Severe head injury 


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Media last reviewed: 02/10/2013

Next review due: 02/10/2015

Severe head injuries require immediate medical attention because there is a risk of potentially serious damage to the brain.

Signs of a severe head injury can include:

  • unconsciousness – either brief (concussion) or for a longer period of time
  • fits or seizures  when the body suddenly moves uncontrollably
  • difficulty speaking or staying awake
  • problems with the senses – such as loss of hearing or double vision
  • repeated vomiting
  • blood or clear fluid coming from the ears or nose
  • memory loss (amnesia)

If you notice any of these symptoms after a head injury, immediately go to your nearest accident and emergency (A&E) department or call 999 and ask for an ambulance.

Read more about the symptoms of a severe head injury.

Diagnosing a severe head injury

Healthcare professionals use the Glasgow Coma Scale (GCS) to assess head injuries. This is a scale from 3 to 15 that uses your symptoms to identify how serious the injury is and whether the brain has been damaged (with 3 being most severe and 15 least severe).

A head injury is usually classed as being moderate if someone has a GCS score of 9-12 or severe if they have a score of eight or lower. Some people with significant head injuries have a high GCS score initially, but their score decreases when they are reassessed at a later stage.

Further tests may sometimes be necessary to determine how serious your injury is, such as a computerised tomography (CT) scan.

Read more about how severe head injuries are diagnosed.

Treating a severe head injury

Severe head injuries should always be treated in hospital. Treatment in hospital may involve:

  • observing the condition for any changes
  • running tests to check for further damage
  • treating any other injuries
  • breathing support (ventilation) or brain surgery, in the most severe cases

Most people are able to go home within 48 hours. However, a small number of those admitted to hospital require surgery on their skull or brain.

When you are discharged from hospital, your doctor will give you advice about the best way to help your recovery when you return home.

Read more about how a severe head injury is treated and recovering from a severe head injury.


A severe head injury may cause a build-up of pressure on the brain because of bleeding, blood clots or a build-up of fluid. This can sometimes lead to brain damage, which can be temporary or permanent.

A severe head injury can also cause other potentially serious complications, including:

  • an infection after a skull fracture
  • post-concussion syndrome – where you experience long-term symptoms after sustaining concussion

Around one in every 2,000 people who attend an A&E department with a head injury dies as a result of their injury.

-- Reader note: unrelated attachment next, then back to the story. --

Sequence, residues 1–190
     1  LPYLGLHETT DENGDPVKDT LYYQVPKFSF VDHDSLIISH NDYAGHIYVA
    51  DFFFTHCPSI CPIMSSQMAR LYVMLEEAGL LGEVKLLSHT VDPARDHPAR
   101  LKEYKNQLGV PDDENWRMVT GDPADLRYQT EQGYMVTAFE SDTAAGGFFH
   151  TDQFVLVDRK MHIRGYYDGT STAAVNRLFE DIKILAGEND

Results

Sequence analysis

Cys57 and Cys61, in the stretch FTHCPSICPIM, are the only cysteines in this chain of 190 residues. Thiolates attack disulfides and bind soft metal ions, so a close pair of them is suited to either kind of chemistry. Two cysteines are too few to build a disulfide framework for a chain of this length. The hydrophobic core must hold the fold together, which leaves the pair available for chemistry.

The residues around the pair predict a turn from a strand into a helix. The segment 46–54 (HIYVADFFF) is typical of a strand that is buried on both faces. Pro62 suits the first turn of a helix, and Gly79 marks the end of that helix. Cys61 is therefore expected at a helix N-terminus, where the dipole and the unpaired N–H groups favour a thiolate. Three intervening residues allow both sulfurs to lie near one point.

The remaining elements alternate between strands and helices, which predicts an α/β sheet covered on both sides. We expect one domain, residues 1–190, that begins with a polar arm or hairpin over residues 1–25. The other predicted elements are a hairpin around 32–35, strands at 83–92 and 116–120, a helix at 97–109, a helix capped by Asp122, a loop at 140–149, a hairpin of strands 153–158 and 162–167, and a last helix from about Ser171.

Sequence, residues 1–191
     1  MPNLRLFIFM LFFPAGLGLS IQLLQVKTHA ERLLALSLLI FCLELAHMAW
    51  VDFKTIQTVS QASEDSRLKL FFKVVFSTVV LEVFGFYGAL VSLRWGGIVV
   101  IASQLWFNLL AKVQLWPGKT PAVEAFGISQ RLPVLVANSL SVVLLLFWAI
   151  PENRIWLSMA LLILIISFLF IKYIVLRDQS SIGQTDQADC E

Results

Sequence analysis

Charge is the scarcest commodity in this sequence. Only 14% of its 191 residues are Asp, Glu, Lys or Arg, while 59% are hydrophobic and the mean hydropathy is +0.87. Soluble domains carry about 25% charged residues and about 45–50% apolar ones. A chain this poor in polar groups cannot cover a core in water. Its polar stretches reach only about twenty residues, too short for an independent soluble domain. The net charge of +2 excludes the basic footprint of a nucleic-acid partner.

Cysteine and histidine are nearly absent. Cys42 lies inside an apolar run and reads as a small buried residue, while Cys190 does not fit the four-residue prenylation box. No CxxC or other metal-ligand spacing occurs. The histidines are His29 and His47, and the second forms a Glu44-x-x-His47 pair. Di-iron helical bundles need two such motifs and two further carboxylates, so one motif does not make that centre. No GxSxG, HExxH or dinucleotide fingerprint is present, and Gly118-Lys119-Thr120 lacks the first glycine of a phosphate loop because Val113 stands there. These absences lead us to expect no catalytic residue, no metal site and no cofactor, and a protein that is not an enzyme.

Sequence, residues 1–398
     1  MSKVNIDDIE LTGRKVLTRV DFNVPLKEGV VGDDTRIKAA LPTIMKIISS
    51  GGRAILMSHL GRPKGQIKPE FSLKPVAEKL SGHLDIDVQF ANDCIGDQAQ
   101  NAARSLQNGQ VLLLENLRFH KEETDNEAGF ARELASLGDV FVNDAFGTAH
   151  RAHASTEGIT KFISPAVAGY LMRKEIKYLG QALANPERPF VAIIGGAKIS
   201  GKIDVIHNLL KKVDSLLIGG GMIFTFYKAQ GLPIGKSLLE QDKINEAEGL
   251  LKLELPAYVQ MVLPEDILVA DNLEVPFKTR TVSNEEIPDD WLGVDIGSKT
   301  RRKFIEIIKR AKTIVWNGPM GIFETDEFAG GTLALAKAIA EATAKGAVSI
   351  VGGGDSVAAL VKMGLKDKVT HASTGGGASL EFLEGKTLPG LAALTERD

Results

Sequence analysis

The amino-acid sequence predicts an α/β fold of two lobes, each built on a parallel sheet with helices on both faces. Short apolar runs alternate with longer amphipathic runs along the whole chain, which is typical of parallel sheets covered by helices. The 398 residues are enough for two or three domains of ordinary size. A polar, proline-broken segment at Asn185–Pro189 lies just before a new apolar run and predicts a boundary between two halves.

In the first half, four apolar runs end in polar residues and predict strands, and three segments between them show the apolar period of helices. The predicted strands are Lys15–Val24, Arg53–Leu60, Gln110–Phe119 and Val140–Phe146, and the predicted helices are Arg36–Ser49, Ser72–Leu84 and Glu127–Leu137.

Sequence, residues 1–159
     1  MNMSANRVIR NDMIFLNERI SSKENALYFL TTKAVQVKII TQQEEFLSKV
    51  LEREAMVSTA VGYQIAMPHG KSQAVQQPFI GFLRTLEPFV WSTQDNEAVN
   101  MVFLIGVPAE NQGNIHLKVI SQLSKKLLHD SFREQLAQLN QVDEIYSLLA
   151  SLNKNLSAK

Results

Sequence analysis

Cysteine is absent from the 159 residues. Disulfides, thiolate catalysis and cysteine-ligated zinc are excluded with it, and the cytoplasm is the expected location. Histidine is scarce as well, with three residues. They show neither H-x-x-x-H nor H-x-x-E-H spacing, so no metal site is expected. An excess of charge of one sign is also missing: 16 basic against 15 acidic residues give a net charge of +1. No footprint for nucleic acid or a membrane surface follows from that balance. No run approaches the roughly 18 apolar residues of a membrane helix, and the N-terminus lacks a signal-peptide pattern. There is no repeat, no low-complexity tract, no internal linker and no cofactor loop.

Read more about complications after a severe head injury.

Preventing head injuries

Although it can be difficult to predict or avoid a head injury, there are some steps you can take to help reduce the risk of serious injury to you or your child.

These include:

  • wearing a safety helmet when cycling or skiing
  • reducing hazards in the home that may cause a fall
  • ‘childproofing’ your home
  • using the correct safety equipment for work, sport and DIY

Read more about how to prevent head injuries.

Page last reviewed: 13/01/2014

Next review due: 13/01/2016


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The 2 comments posted are personal views. Any information they give has not been checked and may not be accurate.

Maroonmafia67 said on 30 July 2014

I believe Im one to have slipped through the net....I do have mental issues. But ever since my intiital head injury in 1988. I have constantly complained of my memory issues and asked could I have my brain scanned to see if any damage has occurred. I dont wish to go on about the complaints and failing to help me. But I recently had sessions with a mental health team and they recommended I have a MRI scan to detect if there were issues and this could be the cuase of my mental health complaints....But I recently moved area and dont quite understand how I go about having an MRI scan. Could anybody help me, as trusts in different areas have different procedures about this ?

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Anne E Ricketts said on 27 February 2012

You have said "Severe head Injuries sould always be treated in hospital." I believe it should say all head injuries should be treated in hospital where there are symptoms of concussion.
It is no wonder that people with brain injuries are still 'slipping through the net.'
I will be asking my MP to address this also.

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